VILLAGE OF THE DAMNED-United States-99 Mins. 1995


Christopher Reeve as Dr. Alan Chafee in Village of the Damned

Christopher Reeve as Dr. Alan Chafee in Village of the Damned

Kirstie Alley as Dr. Susan Verner in Village of the Damned

Kirstie Alley as Dr. Susan Verner in Village of the Damned

Linda Kozlowski as Jill McGowan in Village of the Damned

Linda Kozlowski as Jill McGowan in Village of the Damned

Michael Paré as Frank McGowan in Village of the Damned

Michael Paré as Frank McGowan in Village of the Damned

Directed by John Carpenter.

Screenplay by David Himmelstein.

Based on the book “The Midwich Cuckoos” by John Wyndham and the 1960 film and screenplay by Wolf Rilla, Stirling Silliphant and George Barclay.

John Carpenter’s Village of the Damned is a somewhat boring affair that is interesting solely for the common bond it shares with a handful of his better efforts.

A dark shadow passes over the town of Midwich and everything-man, woman, child and animal-faints. They soon awaken, or at least the fortunate ones do; there is the matter of the man who passed out over a hot grill and the other guy who is the hapless victim of a fiery collision. A few months afterward a handful of the women of Midwich (ten in all including a post-Crocodile Dundee Linda Koslowski) become pregnant and the date of conception is traced right back to the day of the fainting incident. Of the ten, including a virgin (Meredith Salenger-go figure), nine give birth and one infant is stillborn. To say these children are different is quite the understatement. Five boys and four girls, they all sport blonde hair, have blue eyes and are devoid of human emotion. They can also read our minds and can persuade us to do horrible things regardless of our reluctance. This leads to several suicides and the film’s gorier moments. It’s up to the town doctor (Reeve) and a government scientist (Alley) to stop the little buggers before the entire town is wiped out. Can Superman and Rebecca from Cheers save the day?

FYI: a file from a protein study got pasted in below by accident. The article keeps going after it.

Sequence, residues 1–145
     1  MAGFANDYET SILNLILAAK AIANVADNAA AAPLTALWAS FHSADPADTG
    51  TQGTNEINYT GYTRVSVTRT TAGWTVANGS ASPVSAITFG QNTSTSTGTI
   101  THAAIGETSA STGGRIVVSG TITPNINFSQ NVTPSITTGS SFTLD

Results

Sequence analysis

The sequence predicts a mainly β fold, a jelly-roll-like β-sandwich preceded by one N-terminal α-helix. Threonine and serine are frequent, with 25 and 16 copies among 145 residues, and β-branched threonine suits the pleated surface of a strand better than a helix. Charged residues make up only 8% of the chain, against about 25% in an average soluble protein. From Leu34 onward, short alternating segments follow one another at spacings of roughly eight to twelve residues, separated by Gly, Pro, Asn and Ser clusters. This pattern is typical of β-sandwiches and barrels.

Village of the Damned is based on the book “The Midwich Cuckoos” by John Wyndham and the 1960 film directed by Wolf Rilla. This is all irrelevant; Village of the Damned is a John Carpenter film through and through as it shares two common threads-an alien being(s) that hide themselves behind a human guise (The Thing, They Live, Starman); and the conquest of earth via enslavement/assimilation. It’s great to see Carpenter come back to these themes. It’s also great to see Christopher Reeve in what would be his final role before a horseback riding accident left him paralyzed for the remaining nine years of his life. The common thread that would have made me, a fan of Carpenter’s work, happy would have been for Village of the Damned to be good but alas, it is not.


In the scene with the crowd bearing torches, the words that the minister’s wife scream are all from the Book of Job.

Whenever the kids are walking or sitting together, they are lined up 2 by 2 with boys on the left and girls on the right.


Christopher Reeve also appears in Superman the Movie and Street Smart.

Kirstie Alley also appears in Look Who’s Talking and Star Trek II: The Wrath of Khan.

Linda Kozlowski also appears in Crocodile Dundee and Almost an Angel.